This 1987 movie was based upon a play which was an adaptation of a memoir in letters by our leading lady Helene Hanff(Anne Bancroft), a writer and script reader in post WWII New York whose desire for affordable works of English Literature couldn’t be fulfilled by local booksellers.
Thanks to a magazine ad, she writes the first of many letters to Marks & Co, a London bookshop specializing in old and rare titles with a request for some of her most pressing literary needs. Fortunately, the shop manger Frank Doel(Anthony Hopkins) is most pleased to assist her and already appreciates her ready wit:
What keeps this movie going is showcasing of Helene and Frank in their separate lives , she with her quirky energy and outgoing manners whether she’s helping a good friend or looking for some pepper salami from the local deli, contrasted with his quiet yet heartfelt lifestyle with his second wife Nora(Judi Dench) and their girls whether on a rainy seaside holiday or watching the coronation of the new queen.
While Frank and Helene maintain a long distance friendship, a possible romance between them is somewhat hinted at here but I suspect that even if they had met in real life , nothing of that sort would’ve happened. Although in another lifetime, perhaps…:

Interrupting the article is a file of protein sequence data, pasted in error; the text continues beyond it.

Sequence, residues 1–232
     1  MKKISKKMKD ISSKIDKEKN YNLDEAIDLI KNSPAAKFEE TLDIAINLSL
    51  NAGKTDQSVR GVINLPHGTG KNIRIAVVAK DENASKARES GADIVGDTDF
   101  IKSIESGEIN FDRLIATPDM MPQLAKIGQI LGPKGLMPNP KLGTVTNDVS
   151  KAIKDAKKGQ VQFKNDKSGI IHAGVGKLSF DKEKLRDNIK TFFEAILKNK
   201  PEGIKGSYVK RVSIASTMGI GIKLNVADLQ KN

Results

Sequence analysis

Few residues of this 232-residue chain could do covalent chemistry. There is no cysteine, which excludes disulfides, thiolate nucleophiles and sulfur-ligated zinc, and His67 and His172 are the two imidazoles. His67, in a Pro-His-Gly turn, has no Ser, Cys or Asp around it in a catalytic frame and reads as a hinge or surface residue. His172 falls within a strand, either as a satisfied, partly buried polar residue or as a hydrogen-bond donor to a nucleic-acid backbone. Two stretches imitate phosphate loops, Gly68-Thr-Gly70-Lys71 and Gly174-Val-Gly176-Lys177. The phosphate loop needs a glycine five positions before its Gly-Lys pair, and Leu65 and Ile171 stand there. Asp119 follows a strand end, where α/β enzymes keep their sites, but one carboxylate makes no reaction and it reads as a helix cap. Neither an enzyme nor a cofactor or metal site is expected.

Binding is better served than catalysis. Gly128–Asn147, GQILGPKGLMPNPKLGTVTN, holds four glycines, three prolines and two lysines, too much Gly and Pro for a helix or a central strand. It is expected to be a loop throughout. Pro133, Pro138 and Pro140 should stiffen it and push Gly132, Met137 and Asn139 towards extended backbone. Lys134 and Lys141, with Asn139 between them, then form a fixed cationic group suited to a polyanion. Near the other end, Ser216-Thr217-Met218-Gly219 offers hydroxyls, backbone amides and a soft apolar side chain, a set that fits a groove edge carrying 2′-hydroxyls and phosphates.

Hopkins also gives his role a subtle charm as well, making you wish he and Helene had managed to meet up somehow(spoiler alert, they never did). The balance between them in certain scenes is edited just right with one last letter exchange almost feeling like a direct conversation.
If you love books and bookstores (especially British ones), this is the perfect movie for you and as a bonus, Helene Hanff not only shared her life story in this set of letters but a couple of other books as well (I highly recommend The Duchess of Bloomsbury Street and In Show Business). Plenty of good reading to be had here!
Well, thank you all for checking out this mini film festival and I’ll be back in blog business after Labor Day. Enjoy what remains of summer and let’s rejoice in the glories of autumn yet to come: